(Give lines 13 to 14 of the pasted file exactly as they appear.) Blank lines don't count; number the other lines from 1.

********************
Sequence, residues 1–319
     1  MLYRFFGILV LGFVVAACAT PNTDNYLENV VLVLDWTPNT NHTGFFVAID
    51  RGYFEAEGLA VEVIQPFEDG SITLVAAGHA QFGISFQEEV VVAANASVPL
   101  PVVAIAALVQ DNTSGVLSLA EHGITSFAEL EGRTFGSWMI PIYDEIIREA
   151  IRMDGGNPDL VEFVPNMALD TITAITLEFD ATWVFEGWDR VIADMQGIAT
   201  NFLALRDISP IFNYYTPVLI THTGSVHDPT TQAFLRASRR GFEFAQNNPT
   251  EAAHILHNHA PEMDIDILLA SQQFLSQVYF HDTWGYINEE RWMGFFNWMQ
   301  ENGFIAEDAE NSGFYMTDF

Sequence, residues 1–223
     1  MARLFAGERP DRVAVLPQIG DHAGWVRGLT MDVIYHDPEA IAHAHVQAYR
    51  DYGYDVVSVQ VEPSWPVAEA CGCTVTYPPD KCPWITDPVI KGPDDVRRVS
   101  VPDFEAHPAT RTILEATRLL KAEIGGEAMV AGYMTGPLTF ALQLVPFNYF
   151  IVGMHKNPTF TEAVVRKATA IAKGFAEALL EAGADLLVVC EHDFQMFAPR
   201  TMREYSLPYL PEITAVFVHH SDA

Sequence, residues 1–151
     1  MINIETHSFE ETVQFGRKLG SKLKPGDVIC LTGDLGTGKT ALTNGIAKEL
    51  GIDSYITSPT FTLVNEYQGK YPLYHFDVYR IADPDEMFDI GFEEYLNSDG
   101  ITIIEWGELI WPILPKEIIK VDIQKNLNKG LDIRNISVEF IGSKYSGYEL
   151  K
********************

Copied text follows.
   151  IVGMHKNPTF TEAVVRKATA IAKGFAEALL EAGADLLVVC EHDFQMFAPR
   201  TMREYSLPYL PEITAVFVHH SDA